The Disappearing Sapara Nation (& How You Can Help)

The Disappearing Sapara Nation (& How You Can Help)

The Sapara Nation are indigenous people that live in the Amazonian jungles between Ecuador & Peru. They once had a population of over 200,000 but numerous threats have seen this reduced to less than 600 people, with only 3 elders that still speak the Sapara language. 

This article provides an overview of the Sapara Nation, including their beliefs, language & numerous threats to their very existence. We also provide some ways you can help, including visiting the ‘naku’ or Amazonian forest where they still live a traditional lifestyle. 

Who are the Sapara Nation?

The territory of the Sapara Nation (blue). Notice the large areas where petroleum is licensed for extraction [Image: Amazon Watch]

The Sapara Nation (also called Zapara, Sápara or Záparo) are traditionally nomadic hunter-gatherers located in the Amazon, on Ecuador’s eastern border with Peru. Much of their traditional lands were lost to Peru during the border wars that ended in 1942. Today, less than 300 Sapara Nation people in Ecuador and a similar amount left in Peru.

They face a very real threat of extinction over the coming years if more effort isn’t made to preserve their language, culture & traditional way of life.

Beliefs of the Sapara People

This video with a Sapara Nation leader (Manari Ushugua, Sapara indigenous leader) shows the importance of interpreting dreams & other beliefs.

The world of the Sapara Nation is grounded in recognizing the sacredness of all things – living, inanimate or even invisible.

Everything has a spirit

Just like humans, the Sapara believe that the earth and everything in it such as trees, rivers & animals have a spirit. They believe all life is equal and humans are not superior, nor do humans own the land.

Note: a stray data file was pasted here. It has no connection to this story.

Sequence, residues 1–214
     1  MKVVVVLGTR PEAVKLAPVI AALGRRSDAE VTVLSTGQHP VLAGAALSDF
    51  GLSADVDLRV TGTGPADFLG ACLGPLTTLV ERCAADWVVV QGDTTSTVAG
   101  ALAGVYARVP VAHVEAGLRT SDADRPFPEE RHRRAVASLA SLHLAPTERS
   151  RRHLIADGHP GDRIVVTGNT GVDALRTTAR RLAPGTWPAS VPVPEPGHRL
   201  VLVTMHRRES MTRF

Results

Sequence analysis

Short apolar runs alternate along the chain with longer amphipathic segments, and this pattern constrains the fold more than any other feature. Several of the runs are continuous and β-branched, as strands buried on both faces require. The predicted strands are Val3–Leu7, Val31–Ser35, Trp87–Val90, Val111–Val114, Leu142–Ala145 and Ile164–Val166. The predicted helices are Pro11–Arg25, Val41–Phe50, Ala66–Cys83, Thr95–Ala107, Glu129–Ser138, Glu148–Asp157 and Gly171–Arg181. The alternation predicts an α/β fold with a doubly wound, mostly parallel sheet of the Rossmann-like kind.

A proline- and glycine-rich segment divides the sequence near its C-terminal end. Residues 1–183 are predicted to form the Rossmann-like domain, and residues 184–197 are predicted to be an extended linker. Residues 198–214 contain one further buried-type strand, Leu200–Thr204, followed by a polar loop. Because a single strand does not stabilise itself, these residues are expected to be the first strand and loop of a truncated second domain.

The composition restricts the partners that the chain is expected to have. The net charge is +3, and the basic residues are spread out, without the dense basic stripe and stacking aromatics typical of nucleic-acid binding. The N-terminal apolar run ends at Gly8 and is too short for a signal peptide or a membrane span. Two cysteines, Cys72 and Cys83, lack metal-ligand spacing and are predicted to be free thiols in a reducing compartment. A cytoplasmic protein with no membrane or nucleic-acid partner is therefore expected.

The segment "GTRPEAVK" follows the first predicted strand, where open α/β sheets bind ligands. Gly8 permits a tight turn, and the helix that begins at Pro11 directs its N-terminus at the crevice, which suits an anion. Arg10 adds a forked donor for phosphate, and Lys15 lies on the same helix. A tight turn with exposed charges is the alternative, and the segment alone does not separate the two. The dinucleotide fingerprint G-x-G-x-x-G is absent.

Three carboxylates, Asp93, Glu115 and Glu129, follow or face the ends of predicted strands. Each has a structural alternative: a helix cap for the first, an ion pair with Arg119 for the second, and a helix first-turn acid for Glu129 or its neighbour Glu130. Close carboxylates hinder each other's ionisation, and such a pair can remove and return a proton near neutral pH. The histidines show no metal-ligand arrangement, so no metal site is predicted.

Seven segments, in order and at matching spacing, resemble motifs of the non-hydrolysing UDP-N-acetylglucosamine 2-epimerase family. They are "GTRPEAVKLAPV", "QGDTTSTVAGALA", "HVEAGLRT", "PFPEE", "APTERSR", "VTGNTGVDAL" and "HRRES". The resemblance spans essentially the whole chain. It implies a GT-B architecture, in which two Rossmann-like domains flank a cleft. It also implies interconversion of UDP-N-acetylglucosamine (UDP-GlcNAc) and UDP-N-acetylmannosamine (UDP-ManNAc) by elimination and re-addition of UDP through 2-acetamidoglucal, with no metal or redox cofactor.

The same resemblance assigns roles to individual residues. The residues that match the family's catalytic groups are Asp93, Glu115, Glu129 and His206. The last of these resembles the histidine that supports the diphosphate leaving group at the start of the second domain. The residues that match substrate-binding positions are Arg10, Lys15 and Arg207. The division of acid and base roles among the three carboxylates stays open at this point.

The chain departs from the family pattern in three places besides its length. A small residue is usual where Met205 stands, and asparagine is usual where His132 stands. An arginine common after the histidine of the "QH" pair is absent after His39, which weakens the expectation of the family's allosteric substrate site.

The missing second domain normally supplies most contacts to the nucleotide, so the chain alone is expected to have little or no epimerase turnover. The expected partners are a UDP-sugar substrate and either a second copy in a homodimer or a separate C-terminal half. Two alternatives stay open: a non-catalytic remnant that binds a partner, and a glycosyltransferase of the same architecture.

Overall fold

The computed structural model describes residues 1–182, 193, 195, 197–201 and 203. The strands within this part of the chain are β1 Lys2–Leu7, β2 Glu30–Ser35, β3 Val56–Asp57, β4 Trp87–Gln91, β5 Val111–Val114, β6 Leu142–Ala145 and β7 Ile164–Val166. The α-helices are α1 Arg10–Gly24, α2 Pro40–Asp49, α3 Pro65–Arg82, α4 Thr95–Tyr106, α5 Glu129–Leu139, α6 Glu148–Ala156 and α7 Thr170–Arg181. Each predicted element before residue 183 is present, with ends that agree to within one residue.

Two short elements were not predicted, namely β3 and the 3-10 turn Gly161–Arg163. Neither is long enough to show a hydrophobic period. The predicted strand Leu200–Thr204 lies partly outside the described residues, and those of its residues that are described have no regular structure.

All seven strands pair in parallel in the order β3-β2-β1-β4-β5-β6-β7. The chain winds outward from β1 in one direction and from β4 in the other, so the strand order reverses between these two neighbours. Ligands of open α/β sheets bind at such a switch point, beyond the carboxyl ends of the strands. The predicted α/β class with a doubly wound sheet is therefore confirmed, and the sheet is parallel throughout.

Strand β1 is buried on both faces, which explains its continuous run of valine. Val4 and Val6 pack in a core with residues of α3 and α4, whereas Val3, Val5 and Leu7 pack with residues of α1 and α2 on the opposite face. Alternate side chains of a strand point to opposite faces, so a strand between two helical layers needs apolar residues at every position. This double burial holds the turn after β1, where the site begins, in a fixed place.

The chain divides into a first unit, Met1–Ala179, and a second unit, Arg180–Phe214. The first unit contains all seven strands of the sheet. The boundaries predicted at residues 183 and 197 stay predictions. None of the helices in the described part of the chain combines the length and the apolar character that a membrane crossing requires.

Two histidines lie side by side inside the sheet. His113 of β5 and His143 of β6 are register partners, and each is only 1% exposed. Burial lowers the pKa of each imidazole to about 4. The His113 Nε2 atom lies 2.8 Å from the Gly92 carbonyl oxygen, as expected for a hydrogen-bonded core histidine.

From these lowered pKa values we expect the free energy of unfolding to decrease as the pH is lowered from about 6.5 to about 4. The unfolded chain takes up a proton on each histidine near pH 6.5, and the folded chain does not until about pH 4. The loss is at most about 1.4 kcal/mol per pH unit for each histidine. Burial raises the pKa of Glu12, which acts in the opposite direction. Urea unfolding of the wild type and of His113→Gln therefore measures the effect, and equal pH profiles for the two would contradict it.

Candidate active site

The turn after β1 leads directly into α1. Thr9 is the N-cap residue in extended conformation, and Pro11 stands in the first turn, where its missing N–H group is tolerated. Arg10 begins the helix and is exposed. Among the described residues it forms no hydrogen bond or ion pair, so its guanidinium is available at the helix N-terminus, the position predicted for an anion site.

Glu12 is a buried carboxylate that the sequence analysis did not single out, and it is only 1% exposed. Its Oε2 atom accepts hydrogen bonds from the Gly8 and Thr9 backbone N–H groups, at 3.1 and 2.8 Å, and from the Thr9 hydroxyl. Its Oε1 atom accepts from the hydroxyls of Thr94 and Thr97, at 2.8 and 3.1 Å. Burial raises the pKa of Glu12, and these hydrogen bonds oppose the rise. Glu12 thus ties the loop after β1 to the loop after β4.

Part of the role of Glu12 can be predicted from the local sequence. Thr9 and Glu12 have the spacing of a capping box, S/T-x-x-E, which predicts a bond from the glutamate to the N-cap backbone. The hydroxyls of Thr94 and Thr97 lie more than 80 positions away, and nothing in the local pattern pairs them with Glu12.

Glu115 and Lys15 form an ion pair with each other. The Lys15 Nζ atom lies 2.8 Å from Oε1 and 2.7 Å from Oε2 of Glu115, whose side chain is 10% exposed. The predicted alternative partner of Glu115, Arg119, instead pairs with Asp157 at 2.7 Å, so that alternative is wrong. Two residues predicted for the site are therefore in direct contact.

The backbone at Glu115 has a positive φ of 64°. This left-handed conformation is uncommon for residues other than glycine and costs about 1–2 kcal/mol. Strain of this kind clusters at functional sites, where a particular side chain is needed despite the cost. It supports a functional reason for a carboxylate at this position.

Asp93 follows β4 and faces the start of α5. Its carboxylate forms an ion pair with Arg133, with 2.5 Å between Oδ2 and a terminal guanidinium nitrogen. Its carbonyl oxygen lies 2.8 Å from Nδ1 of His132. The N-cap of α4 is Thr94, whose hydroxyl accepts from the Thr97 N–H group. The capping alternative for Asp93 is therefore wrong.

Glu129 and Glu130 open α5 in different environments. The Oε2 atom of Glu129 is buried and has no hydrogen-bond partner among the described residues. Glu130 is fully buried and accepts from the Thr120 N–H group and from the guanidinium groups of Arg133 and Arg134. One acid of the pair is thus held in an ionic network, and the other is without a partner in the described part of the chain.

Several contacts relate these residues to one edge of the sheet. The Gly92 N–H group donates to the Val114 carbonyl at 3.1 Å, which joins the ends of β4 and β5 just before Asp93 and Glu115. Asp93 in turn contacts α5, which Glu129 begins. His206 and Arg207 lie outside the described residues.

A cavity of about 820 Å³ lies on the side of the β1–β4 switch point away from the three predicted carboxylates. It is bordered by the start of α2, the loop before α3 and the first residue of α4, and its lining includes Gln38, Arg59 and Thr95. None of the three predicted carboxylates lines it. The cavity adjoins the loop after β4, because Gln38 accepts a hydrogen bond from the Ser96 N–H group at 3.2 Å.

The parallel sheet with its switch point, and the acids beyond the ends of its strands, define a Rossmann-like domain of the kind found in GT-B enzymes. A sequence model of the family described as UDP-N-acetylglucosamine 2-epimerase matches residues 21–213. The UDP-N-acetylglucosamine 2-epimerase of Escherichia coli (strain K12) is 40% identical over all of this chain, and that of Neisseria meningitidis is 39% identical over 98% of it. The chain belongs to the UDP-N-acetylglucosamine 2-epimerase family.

Connection with forest spirits

The Sapara have a relationship of mutual respect with the forest. They see plants as equal and strive for a balance between how much food, medicine & other resources can be taken from the forest before the equilibrium is disrupted.

Dream interpretation

The Sapara People are perhaps best known for their knowledge of interpreting dreams.

‘The dream is a privileged entry point to address anthropological issues around theories of personhood, otherness (dreaming with others, human or non-human subjects) and cognitive supports.

In the Amazon, night is presented as the favorable moment for education & the transmission of stories and myths because nighttime is when knowledge is acquired and incorporated.’1

The Sapara can also help you interpret your dreams via private ceremonies (see the trip later) or even via virtual courses like this one.

From 200,000 to less than 600

Gloria Ushigua (Sapara Leader)

Before colonization and before climate change, the forest gave us everything we needed. When I was younger, I didn’t need to go to the city. The forest gave us: food, medicine, education… everything.

Gloria Ushigua, President of the Association of Sapara Women of Ecuador “Ashiniawka” [source]

Like many indigenous tribes in the Amazon, outside contact proved to be devastating to their population with rubber trade, enslavement and disease killing many of their population.

Today, their biggest threats are oil companies & complete loss of language.

Current Threats to the Sapara Nation

Oil companies

The Sapara are locked in an ongoing battle against oil companies & the Ecuadorian government. There have been several attempts by the Ecuadorian government to sell the petroleum extraction rights. The government dearly needs this oil revenue.

In 2016, the Ecuadorian government did sell oil exploration rights to two Chinese organizations in a deal that was supposed to be worth $80 million. These rights covered 500,000 acres that overlapped the territory of the Sapara Nation and also bordered Yasuní National Park.

But, fierce opposition from numerous indigenous groups, including the Sapara, and the international community helped drive awareness of the issue. And, a successful court challenge by the Waorani in 2019 prevented oil extraction on the basis that the indigenous tribe of 2,000 people had not been properly consulted over plans to sell oil from their ancestral lands.

Manari Ushigua. The President of the Sápara Nation, speaks out about their fight against oil companies in 2016.

This set a promising precedent for the Sapara Nation to follow. The core legal issue centers on the issue of consent of the Sapara Nation. The constitution does provide the government with the right to develop energy projects & extract oil on any land – regardless of who owns it. But, this still requires the community to provide Free, Prior, and Informed Consent (FPIC).